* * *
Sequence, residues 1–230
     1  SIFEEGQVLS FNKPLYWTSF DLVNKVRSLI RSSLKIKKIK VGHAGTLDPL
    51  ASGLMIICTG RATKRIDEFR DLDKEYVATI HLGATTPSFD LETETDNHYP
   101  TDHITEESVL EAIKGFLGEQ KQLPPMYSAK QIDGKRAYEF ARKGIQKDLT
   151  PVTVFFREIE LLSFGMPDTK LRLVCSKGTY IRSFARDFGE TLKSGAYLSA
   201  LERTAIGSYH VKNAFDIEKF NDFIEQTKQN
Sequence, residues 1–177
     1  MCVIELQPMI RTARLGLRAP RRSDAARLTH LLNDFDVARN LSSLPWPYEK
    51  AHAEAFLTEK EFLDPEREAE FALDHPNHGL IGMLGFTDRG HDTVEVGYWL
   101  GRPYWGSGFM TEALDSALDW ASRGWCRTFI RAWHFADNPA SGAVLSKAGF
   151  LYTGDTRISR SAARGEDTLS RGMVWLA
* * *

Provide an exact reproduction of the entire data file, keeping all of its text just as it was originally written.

Sequence, residues 1–230
     1  SIFEEGQVLS FNKPLYWTSF DLVNKVRSLI RSSLKIKKIK VGHAGTLDPL
    51  ASGLMIICTG RATKRIDEFR DLDKEYVATI HLGATTPSFD LETETDNHYP
   101  TDHITEESVL EAIKGFLGEQ KQLPPMYSAK QIDGKRAYEF ARKGIQKDLT
   151  PVTVFFREIE LLSFGMPDTK LRLVCSKGTY IRSFARDFGE TLKSGAYLSA
   201  LERTAIGSYH VKNAFDIEKF NDFIEQTKQN
Sequence, residues 1–177
     1  MCVIELQPMI RTARLGLRAP RRSDAARLTH LLNDFDVARN LSSLPWPYEK
    51  AHAEAFLTEK EFLDPEREAE FALDHPNHGL IGMLGFTDRG HDTVEVGYWL
   101  GRPYWGSGFM TEALDSALDW ASRGWCRTFI RAWHFADNPA SGAVLSKAGF
   151  LYTGDTRISR SAARGEDTLS RGMVWLA